A new conscience and religious-freedom division within the Healthand Human Services Department is being launched to aid doctors,nurses and other medical professionals in refusing to provideservices that violate their moral or religious beliefs.

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The Washington Post reports that the Trump administration intends the new divisionto protect health care workers who claim moral or religious beliefsas their reason to refuse to take part in abortions, treat transgender patients or participate in othertypes of care.

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While conservative groups have applauded the action, a number ofgroups, including those that defend women’s and LGBT rights, aswell as physician groups, are instead concerned that the new policywill increase discrimination against vulnerable populations andworsen inequities within health care. Many also view it as a majorcivil rights rollback, rather than a protection of such rights,according to the report.

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“This will impose a broad religious refusal policy that willallow individuals and institutions to deny basic care for women andtransgender people,” Dana Singiser, vice president of governmentaffairs for Planned Parenthood, is quoted saying in the report.Singiser adds, “We know from experience that denial of carecompromises care.”

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The enforcement authority of the new division bolsters andexpands so-called “conscience protections” that were initially putin place by George W. Bush but ended by the Obama administration.The new division, the report says, will be part of the HHS Officefor Civil Rights. It will not only accept complaints from healthcare professionals but also ensure that hospitals, clinics andother institutions nationwide are accommodating their beliefs.

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An outgrowth of the expansion of “religious liberty” in a Trumpexecutive order last year, which led to substantial religious andmoral exemptions to the Affordable Care Act mandate that employersprovide no-cost contraception coverage, the new department focusesHHS’s position in implementing “conscience protections.”

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While such “protections” have been in existence for decades, thereport says, some health care providers have said they didn’t gofar enough; the administration’s actions push the envelope—fartherthan what Harper Jean Tobin, the National Center for TransgenderEquality’s director of policy, said in the report were “reasonableaccommodations.”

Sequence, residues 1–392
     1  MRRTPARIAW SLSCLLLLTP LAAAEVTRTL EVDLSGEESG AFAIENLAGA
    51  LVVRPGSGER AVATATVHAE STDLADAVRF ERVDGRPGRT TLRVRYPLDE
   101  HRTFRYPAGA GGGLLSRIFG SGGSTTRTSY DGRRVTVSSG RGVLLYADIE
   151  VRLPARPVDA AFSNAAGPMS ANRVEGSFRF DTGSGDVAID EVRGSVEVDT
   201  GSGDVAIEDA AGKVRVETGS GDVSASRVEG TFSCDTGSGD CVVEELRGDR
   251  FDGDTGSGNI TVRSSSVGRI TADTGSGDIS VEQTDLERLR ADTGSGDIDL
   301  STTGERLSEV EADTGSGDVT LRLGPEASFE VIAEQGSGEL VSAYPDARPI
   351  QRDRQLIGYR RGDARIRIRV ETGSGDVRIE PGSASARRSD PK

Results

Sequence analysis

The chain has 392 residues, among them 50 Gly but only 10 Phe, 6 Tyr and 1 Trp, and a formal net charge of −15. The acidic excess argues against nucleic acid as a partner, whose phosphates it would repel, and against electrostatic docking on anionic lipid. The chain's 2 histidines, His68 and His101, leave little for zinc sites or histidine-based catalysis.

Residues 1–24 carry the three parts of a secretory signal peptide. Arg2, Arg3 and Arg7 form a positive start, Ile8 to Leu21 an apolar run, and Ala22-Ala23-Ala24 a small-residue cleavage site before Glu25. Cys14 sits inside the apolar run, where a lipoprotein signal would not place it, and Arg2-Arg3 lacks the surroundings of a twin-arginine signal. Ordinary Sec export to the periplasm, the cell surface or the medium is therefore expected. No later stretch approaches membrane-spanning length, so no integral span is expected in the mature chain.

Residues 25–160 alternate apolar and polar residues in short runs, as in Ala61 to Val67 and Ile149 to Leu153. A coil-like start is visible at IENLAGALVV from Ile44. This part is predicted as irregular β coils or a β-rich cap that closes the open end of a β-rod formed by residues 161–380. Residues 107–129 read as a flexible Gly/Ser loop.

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Tobin adds, “The vast majority of the medical community isagainst any form of license to discriminate. That theadministration is rushing out such a momentous rule in secret,hiding behind a vague description and potentially circumventingnormal procedures, just underscores how far they have been strayingfrom established law in this area.”

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Sarah Warbelow, legal director for the Human Rights Campaign,says in the report that the policy seeks to “devalue the humanityof LGBTQ people.”

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Warbelow is quoted saying, “Every American deserves access tomedically necessary health care, and that health care should not bedetermined by the personal opinions of individual health careproviders or administrative staff.”

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Ben Brown, a gynecologist-obstetrician in Chicago and a fellowwith Physicians for Reproductive Health, says in the report thatthe administration’s new rule seems to contravene the oaths takenby health care providers on entry into the profession, as well asethics policies at many hospitals and state statutes in many partsof the country that require basic care be delivered to those whoneed it. He’s quoted saying, “Imposing their values on a patient isnot in consort with our professional job as doctors.”

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And Louise Melling, deputy legal director for the American CivilLiberties Union, is cited in the report saying that federalemployment law does allow workplaces to accommodate individuals’beliefs—as long as those accommodations don’t impose unduehardship.

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Says Melling, “Religious liberty gives you a right to yourbeliefs, but it doesn’t give you the right to impose your beliefson others or harm others, including to discriminate againstothers.”

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